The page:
نتیجه گیری انگلیسی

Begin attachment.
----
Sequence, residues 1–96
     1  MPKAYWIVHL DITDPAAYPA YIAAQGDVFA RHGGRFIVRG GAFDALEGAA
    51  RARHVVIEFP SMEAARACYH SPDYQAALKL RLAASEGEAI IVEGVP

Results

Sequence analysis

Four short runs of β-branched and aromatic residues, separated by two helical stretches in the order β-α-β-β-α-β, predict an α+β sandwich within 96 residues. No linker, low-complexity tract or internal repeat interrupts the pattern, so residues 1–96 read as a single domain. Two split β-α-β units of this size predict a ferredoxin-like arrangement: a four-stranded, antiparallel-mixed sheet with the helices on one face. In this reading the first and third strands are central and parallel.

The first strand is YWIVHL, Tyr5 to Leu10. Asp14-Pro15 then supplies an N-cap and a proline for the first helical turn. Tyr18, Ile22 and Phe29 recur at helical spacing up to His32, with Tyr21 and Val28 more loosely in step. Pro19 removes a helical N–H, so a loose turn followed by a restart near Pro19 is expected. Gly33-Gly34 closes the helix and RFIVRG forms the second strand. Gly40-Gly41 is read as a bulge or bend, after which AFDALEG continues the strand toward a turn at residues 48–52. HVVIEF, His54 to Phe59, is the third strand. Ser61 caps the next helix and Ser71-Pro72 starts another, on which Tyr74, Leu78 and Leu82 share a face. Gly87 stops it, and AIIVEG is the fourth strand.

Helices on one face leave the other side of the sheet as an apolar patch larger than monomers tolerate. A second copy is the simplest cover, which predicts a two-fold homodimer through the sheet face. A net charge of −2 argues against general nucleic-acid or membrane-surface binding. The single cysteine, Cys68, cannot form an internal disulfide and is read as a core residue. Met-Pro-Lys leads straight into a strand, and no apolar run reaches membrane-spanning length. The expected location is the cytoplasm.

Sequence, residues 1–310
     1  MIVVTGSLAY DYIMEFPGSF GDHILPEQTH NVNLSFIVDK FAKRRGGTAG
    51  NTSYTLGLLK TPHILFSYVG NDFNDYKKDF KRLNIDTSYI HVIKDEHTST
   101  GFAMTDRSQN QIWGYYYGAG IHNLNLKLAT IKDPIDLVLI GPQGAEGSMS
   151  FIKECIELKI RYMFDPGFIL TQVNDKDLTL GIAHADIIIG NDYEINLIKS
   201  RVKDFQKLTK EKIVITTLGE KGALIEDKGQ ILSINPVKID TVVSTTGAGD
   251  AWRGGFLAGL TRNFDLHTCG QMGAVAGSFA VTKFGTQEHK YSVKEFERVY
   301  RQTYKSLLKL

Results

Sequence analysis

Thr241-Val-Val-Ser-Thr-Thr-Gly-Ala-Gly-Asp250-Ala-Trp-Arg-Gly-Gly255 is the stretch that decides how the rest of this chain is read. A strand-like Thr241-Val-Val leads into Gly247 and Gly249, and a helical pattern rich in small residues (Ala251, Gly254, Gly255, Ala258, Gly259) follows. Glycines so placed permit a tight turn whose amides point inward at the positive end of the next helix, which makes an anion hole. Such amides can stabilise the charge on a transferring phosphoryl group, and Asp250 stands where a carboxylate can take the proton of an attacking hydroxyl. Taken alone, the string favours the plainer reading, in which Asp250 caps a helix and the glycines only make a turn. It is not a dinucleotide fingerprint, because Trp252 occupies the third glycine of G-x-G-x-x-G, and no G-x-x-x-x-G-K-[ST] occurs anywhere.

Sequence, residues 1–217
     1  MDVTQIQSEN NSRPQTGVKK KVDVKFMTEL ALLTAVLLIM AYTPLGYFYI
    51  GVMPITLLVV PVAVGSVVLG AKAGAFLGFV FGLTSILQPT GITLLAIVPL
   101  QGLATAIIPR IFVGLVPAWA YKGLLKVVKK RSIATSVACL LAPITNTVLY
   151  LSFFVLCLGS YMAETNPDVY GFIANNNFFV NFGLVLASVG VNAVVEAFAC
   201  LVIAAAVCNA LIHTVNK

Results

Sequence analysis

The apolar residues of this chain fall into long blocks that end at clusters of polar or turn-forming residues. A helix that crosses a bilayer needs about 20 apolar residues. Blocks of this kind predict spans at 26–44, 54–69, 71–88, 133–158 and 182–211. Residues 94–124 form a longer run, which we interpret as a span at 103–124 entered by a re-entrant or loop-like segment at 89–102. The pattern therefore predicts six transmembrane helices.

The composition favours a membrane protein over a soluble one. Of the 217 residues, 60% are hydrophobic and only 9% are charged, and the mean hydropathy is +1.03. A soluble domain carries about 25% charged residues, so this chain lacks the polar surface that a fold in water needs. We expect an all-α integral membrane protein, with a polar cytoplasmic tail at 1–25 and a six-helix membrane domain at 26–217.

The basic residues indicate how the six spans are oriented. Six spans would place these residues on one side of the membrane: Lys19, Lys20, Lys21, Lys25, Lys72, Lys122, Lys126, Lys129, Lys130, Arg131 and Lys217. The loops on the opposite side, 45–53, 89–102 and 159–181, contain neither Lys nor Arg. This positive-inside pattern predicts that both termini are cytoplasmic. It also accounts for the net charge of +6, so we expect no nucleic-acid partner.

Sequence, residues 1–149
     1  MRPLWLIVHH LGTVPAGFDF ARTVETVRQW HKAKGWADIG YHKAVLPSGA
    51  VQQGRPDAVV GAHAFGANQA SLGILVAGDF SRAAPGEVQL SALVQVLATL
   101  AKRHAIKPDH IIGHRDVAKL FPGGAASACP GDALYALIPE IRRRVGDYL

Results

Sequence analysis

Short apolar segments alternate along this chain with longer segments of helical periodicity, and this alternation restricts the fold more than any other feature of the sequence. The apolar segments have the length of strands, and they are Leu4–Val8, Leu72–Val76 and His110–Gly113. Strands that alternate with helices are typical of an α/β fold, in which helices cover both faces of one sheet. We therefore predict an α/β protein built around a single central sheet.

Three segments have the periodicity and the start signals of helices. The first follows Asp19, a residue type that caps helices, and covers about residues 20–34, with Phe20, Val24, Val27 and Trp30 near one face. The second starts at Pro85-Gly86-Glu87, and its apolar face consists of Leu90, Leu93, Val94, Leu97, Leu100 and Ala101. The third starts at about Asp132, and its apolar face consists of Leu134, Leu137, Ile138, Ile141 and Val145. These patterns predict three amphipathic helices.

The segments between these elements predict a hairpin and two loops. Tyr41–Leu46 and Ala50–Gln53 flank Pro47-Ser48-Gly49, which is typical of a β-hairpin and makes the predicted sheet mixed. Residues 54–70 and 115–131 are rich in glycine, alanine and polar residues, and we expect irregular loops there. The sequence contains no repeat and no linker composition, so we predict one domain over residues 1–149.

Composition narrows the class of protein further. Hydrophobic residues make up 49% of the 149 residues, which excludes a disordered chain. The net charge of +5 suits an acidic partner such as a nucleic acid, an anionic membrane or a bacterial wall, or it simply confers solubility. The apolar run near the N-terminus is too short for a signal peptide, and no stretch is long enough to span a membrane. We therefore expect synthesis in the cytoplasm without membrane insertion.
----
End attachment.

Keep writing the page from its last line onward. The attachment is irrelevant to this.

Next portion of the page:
This paper has analyzed the effect on the REER of capital inflows and their components, as well as the potential impact of exchange rate regimes on these relative prices. Using the pooled mean group estimator (Pesaran et al., 1999), which accounts for long-term homogeneity in the behavior of the REER across countries, while allowing for short-term heterogeneous shocks, we show that private and public capital inflows are associated with REER appreciation. Disaggregating private capital inflows emphasizes that the appreciation effect associated with private flows differs by type of flow – portfolio investments, which are more volatile, have the highest appreciation effect, followed by FDI and bank loans. Since FDI and bank loans are potentially related to an increase in productive capacity, the real appreciation associated with them is barely one-seventh of the real appreciation associated with portfolio investments. Private transfers, capturing mostly remittances, are the flows that have the smallest appreciation effect. This may suggest that remittances are more counter-cyclical than pro-cyclical, helping countries offset the real depreciation of their exchange rate during periods of economic slowdown. Countries often implement policies to reduce or avoid the loss of competitiveness associated with the REER appreciation that follows capital inflows. We have assessed the effectiveness of the exchange rate flexibility policy, one of the main macroeconomic tools for countries to manage significant capital inflows. Using a de facto measure of exchange rate flexibility, we find that this flexibility helps dampening real appreciation associated with capital inflows. This result is robust to alternative measures of exchange rate flexibility. When implementing policies to attract capital flows, developing countries should consider that a significant REER appreciation might destabilize macroeconomic management. Particular attention should be given to short-term flows, such as portfolio investments, which could have a considerable real appreciation effect compared to other types of capital flows. Resisting nominal appreciation of the exchange rate through intervention in the foreign exchange market does not prove to be useful for avoiding a real appreciation. Allowing the exchange rate some flexibility could help to neutralize appreciation stemming from capital inflows and avoid a significant loss of competitiveness.